d) Following the same procedure as the previous experiment, you will now load the register with SW0 and P0 acting as clock.

The different steps of the procedure are listed below.

We go from one state to another using a clock pulse generated by the push-button P0.


You observe that at this moment the LED L0 is lit, which means that there is a restraint.

Indeed, as the register loads, the summator performs the addition of numbers on its inputs.

In the fifth step, A is 8 and B is 9 ; the sum 8 + 9 = 17 gives in hexadecimal 1116. There is therefore a restraint which is indicated by L0.


There is still a restraint : indeed, A + B = C + 4 = 1016.


This results in the result : C, which appears on DIS 1 equivalent to 12 in decimal code.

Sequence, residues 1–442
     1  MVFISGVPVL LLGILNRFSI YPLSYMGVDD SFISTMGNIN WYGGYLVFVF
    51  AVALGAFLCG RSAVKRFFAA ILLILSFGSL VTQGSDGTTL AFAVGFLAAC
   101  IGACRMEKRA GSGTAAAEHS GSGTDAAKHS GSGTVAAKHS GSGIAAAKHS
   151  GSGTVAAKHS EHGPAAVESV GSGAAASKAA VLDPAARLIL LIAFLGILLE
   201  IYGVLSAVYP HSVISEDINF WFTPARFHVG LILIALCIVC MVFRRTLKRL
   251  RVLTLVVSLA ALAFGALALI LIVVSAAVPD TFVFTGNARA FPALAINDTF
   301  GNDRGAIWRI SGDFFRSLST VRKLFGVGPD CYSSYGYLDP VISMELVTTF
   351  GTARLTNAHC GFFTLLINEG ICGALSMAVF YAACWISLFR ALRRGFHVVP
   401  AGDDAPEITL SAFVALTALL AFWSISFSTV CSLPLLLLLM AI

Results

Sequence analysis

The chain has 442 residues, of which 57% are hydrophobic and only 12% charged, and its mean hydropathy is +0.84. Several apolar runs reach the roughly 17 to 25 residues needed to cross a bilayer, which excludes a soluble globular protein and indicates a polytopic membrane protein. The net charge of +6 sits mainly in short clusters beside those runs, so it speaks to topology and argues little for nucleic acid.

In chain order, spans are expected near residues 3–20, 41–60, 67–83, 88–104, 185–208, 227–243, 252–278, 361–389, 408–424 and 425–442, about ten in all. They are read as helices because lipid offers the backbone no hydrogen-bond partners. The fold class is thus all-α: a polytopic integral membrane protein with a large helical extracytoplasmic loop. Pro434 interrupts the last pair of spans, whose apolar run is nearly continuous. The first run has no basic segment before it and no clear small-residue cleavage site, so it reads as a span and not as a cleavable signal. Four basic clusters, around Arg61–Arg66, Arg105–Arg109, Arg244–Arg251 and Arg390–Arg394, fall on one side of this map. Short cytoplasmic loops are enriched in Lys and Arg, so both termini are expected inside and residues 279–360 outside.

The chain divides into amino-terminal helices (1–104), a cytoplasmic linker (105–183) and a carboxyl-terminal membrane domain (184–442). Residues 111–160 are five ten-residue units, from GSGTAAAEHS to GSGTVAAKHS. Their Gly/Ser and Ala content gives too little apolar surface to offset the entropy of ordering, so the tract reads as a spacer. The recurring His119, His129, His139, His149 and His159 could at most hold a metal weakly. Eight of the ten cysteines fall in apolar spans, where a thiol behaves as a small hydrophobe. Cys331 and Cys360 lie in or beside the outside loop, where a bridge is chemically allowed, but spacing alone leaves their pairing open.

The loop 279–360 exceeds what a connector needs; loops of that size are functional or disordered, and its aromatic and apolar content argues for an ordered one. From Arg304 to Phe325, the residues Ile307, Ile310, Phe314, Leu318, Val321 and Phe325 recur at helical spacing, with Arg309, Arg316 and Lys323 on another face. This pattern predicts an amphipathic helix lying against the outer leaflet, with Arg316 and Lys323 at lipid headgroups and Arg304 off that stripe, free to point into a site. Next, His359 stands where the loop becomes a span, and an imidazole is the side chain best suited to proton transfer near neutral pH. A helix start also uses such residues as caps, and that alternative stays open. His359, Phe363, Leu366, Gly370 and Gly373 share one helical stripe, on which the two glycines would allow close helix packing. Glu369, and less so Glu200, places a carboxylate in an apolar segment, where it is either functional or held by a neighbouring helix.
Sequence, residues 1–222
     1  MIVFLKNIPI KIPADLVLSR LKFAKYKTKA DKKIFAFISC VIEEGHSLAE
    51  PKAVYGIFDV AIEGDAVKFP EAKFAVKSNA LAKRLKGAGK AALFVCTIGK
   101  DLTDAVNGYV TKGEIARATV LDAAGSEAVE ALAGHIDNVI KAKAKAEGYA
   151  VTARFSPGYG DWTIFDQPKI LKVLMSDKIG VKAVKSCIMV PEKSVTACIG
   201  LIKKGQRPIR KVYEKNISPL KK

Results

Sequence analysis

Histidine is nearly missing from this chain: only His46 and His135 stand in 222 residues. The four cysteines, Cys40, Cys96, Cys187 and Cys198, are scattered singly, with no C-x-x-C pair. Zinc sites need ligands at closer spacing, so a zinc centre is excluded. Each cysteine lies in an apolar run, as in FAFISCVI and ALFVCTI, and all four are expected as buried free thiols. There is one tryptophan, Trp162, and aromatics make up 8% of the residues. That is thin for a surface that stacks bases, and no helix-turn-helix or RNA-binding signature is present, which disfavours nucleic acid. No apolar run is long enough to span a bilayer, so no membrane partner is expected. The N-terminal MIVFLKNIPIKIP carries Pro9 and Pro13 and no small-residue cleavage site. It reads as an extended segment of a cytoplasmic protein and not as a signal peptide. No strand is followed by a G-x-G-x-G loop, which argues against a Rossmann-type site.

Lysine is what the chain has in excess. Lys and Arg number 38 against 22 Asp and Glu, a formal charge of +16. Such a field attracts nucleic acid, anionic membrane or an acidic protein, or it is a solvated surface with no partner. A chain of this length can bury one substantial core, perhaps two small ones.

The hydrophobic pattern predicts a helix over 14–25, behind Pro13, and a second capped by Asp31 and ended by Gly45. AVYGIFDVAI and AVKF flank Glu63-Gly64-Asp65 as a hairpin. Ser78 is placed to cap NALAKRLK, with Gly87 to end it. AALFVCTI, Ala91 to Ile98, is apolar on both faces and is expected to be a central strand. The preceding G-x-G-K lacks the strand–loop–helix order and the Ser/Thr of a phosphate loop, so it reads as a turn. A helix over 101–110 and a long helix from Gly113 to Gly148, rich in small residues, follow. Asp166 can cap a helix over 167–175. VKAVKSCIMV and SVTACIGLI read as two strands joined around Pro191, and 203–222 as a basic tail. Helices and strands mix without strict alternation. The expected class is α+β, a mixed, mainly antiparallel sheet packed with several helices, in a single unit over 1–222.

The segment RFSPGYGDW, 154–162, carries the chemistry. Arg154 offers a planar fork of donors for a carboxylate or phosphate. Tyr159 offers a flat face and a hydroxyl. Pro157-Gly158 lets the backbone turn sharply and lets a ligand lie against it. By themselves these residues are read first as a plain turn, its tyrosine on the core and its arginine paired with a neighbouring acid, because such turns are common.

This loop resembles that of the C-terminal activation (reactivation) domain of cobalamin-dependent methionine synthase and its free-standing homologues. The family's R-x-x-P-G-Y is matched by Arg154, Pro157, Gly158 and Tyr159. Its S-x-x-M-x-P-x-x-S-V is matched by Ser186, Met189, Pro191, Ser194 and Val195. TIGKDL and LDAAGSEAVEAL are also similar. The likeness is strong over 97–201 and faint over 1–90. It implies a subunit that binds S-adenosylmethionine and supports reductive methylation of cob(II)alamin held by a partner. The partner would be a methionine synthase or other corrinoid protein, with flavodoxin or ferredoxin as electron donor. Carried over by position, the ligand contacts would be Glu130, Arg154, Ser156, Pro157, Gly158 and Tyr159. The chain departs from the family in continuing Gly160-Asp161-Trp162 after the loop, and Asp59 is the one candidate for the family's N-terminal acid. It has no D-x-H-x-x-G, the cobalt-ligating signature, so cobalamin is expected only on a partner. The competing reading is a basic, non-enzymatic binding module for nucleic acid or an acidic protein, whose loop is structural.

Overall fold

If now we want to add a unit to the result, the new result must be D. Indeed :

C + 1 = D in hexadecimal code

The method is very simple : it suffices to supply 1 to the summing input of the summator, that is to say C0.

e) Put SW2 on position 1 : you read D on the display DIS 1.

f) With the tests completed, turn off the Digilab.

In summary, this experiment has allowed you to see that a parallel type adder immediately makes the sum of the numbers that appear on the inputs.

During the experiment, you could see many examples of sums before reaching the final result.

For example, in the first step you saw : 0 + 8 = 8

to the second : 0 + C = C

and so on until the seventh step : 6 + 2 = 8

and at the eighth : 3 + 9 = C